Lying on your front has the potential to cause lots of problems: resting with your head twisted at a 90-degree angle to your torso can cause stiffness and cricks. Placing it on two pillows will exacerbate this further, compressing the nerve bundles in the neck.
When you’re lying on your front, try to take the strain off your twisted neck by slightly raising one side of your body with a pillow for support. This is a subtle adjustment and known as a quarter turn. Alternatively, place the pillows under your chest rather than your head. By doing so, you will twist your neck less and again reduce the strain. Another consideration is to use thinner pillows, or just the one.
The ideal sleeping position is on your side. This allows the structures of the back, the discs, muscles and ligaments to adopt an optimal position, with the natural curves of the spine being maintained. Placing your arms in front of you will prevent pins and needles. You may wish to position yourself at a quarter turn so that you are not squashing your shoulders together.
While lying on your side, a pillow placed between bent knees can be helpful to support the hips. If you have a soft bed, or an hourglass figure, place a pillow under the waist to support the midriff and back.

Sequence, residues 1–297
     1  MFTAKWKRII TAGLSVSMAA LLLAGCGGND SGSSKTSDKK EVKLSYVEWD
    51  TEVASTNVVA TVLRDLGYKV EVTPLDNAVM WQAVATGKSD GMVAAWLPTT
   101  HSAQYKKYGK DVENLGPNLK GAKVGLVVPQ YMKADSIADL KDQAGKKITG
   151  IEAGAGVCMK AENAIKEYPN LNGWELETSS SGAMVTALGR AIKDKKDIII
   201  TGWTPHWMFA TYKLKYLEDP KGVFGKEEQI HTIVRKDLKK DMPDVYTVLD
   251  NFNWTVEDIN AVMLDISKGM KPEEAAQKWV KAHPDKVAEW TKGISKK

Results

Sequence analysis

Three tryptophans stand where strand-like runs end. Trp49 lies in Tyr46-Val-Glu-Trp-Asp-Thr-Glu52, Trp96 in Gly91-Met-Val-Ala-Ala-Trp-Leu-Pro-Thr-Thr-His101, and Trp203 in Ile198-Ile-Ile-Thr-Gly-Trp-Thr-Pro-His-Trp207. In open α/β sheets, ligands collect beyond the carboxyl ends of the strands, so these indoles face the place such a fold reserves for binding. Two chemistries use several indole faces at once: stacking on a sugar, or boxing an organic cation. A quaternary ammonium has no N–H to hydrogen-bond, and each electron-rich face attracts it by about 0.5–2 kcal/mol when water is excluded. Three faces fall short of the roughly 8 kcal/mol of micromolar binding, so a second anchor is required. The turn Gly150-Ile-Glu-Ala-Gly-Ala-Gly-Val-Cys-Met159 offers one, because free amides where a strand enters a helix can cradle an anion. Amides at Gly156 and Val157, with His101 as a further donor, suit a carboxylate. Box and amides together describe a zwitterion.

The support provided by our beds is a crucial factor in protecting us from physical discomfort. If you sleep in a bed that is too soft, you may put an asymmetrical strain on your spine.
The ideal mattress should keep your spine in alignment and distribute pressure evenly throughout the body. Men and women often have different mattress needs depending on their weight, shape, sleep position and night-time temperature. If you share a bed, consider getting one that has split mattresses. In addition, replace your mattress if it is more than 10 years old. Its structure will have deteriorated by up to 75 per cent, causing sleep disruption and potential damage to the spine. Research shows that buying a new bed is more effective than sleeping pills and can improve a night’s sleep by as much as 42 minutes.
If you’re uncomfortable in bed, hopefully the above tips and advice will help, please let us know how you get on.